It’s almost freezing now as it probably should be at this time of year, but September was dry and warm and October was extraordinary - with some of the highest temperatures in more than 40 years.
It’s been weird weather for sure, but I don’t think anyone is complaining. It’s the end of November and I’m just dusting off the winter woollies now, and the heat in the house has only gone on in the last few weeks.
Good news on the money front too - my last gas bill was just €15 for two months. It comprised of exactly zero units, zero carbon tax and a bit of a standing charge thrown in to make it worth my supplier’s while putting a stamp on the envelope and sending the bill to me.
Even though it’s great to be able to say I haven’t used any gas at all in the last couple of months, the heat is on full blast now and I know that my next bill will be in the hundreds, and no doubt the one after that will be too.
For most people, energy bills - and gas bills in particular - are like that. Tiny after the summer and massive in the winter. And then there’s the extra large one that always seems to come in right after Christmas - just when we can least afford it.
If you think about it though, it’s actually a pretty peculiar way to bill for a service. You don’t pay higher rent in the winter because you’re staying indoors more. Your telly subscription doesn’t go up because you’re watching more as the nights get longer. But your energy bills do go up in the winter and if last year is anything to go by, I can expect my next gas bill to be around 20 times bigger than my last one.
Now of course energy charges are usage based, so this kind of billing kind-of makes sense - but - wouldn’t it be great if we could even out our payments throughout the year instead of this see-saw type billing?
Well, it actually is possible to even out energy payments throughout the year. Budget plans, as they are generally known, have been around for a while now. They usually work by looking at your previous year’s consumption, seeing what it would cost you in the coming year, and then dividing that into twelve equal monthly payments.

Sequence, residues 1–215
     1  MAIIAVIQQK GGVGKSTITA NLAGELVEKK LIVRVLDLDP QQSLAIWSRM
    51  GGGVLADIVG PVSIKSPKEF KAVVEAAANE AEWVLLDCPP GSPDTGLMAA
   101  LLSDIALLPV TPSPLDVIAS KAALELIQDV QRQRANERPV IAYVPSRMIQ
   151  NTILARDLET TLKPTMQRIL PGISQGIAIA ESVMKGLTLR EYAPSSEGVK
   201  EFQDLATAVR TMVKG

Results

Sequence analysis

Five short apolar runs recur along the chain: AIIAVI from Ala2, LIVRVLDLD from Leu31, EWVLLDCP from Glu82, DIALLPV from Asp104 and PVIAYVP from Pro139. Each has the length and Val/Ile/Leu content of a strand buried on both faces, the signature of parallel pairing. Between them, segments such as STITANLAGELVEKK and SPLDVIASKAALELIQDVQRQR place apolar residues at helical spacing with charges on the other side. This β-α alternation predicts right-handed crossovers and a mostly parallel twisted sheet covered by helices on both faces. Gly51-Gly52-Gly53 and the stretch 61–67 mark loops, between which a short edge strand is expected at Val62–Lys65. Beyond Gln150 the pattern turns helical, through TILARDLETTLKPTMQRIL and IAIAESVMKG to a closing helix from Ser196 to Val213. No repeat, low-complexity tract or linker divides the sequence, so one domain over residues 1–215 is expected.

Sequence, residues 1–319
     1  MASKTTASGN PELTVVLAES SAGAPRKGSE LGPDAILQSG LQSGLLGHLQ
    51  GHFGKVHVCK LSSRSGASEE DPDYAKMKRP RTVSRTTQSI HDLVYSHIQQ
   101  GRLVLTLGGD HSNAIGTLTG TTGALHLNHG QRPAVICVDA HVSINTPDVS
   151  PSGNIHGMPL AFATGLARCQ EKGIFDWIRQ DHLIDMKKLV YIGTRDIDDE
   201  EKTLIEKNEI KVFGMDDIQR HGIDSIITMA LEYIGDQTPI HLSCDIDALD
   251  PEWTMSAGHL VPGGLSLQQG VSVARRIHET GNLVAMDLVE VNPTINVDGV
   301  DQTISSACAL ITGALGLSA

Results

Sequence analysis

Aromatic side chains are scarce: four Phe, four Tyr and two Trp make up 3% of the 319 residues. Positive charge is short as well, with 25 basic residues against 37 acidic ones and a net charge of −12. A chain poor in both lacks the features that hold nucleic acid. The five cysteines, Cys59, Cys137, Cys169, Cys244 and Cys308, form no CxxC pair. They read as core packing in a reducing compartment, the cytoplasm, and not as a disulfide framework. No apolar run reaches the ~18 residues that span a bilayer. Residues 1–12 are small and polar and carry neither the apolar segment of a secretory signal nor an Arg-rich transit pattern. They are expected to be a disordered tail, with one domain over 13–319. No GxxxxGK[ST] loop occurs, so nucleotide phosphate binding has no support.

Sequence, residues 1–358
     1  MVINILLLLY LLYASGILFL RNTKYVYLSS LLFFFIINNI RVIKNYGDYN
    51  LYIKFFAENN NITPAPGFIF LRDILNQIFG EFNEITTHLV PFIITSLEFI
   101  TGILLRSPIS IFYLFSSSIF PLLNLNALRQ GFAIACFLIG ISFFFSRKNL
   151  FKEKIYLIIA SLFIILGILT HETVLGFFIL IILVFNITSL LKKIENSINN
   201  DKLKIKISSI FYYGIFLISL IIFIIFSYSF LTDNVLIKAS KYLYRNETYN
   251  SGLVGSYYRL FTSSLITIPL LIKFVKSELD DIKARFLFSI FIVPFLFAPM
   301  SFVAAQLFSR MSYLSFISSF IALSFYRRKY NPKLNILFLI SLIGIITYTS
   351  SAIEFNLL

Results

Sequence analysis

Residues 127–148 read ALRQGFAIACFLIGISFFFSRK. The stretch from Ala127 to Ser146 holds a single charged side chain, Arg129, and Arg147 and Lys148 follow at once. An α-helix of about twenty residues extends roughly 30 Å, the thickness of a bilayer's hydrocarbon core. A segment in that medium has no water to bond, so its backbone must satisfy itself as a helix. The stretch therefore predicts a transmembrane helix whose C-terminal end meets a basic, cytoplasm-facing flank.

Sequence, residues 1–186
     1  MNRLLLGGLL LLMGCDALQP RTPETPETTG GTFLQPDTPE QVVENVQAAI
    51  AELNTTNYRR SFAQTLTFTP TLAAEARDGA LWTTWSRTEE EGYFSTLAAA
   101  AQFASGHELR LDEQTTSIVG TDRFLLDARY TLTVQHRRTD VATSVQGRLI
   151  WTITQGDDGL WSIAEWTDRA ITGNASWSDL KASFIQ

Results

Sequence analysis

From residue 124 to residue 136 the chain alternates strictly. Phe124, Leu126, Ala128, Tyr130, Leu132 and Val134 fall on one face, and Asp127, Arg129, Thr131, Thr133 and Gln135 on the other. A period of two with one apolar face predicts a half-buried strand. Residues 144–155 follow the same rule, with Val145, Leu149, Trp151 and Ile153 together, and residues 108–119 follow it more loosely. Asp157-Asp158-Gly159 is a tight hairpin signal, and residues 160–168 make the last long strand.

Customers on budget plans receive statements rather than bills. These detail usage, whether the account is in credit or debit, and they may also contain a payment review. By their very nature, budget plans will accumulate credit during low usage times like the summer months. This credit then goes towards paying for times when usage is high. But the big benefit is no more painful winter bills, just a relatively even and predictable payment every month throughout the year.
The suppliers are cautious though. They want to make sure they are paid enough, so they generally add a bit extra onto the monthly payment as a safety net for themselves just in case of particularly cold winters or unexpected usage events – this is known as a tolerance.
Depending on the supplier, the tolerance can be as much as 20%, so if you’re thinking of signing up for a budget plan, you should be aware of it. Ultimately though, any overpaid money is yours and you can request to have it repaid to you at the end of a year. In general though, suppliers like to use the extra credit to lower your payments in year two, but if your credit is substantial, say €200 or so, it should be refunded.
And speaking of payments, suppliers may also review your usage every few months to make sure it’s in line with your monthly payment. If they think you are paying too little, they’ll adjust it. The thing is that they should have a pretty good idea of your consumption because they use information from the previous year that they can get from you, from your history if you’ve been with them for a year or more, or from the gas and electricity registers.